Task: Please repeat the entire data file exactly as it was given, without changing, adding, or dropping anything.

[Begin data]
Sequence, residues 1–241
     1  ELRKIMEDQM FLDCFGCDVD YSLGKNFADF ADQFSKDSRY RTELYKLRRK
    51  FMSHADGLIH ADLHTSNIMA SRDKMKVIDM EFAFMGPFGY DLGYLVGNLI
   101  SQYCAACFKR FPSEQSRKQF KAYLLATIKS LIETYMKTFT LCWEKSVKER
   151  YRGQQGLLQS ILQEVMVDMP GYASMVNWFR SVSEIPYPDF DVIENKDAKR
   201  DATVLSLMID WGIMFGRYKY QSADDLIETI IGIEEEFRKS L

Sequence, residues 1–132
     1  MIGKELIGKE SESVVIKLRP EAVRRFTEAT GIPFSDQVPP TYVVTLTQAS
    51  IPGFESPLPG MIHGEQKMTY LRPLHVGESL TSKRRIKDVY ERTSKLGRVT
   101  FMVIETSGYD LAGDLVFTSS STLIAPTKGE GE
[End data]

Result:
Sequence, residues 1–241
     1  ELRKIMEDQM FLDCFGCDVD YSLGKNFADF ADQFSKDSRY RTELYKLRRK
    51  FMSHADGLIH ADLHTSNIMA SRDKMKVIDM EFAFMGPFGY DLGYLVGNLI
   101  SQYCAACFKR FPSEQSRKQF KAYLLATIKS LIETYMKTFT LCWEKSVKER
   151  YRGQQGLLQS ILQEVMVDMP GYASMVNWFR SVSEIPYPDF DVIENKDAKR
   201  DATVLSLMID WGIMFGRYKY QSADDLIETI IGIEEEFRKS L

Sequence, residues 1–132
     1  MIGKELIGKE SESVVIKLRP EAVRRFTEAT GIPFSDQVPP TYVVTLTQAS
    51  IPGFESPLPG MIHGEQKMTY LRPLHVGESL TSKRRIKDVY ERTSKLGRVT
   101  FMVIETSGYD LAGDLVFTSS STLIAPTKGE GE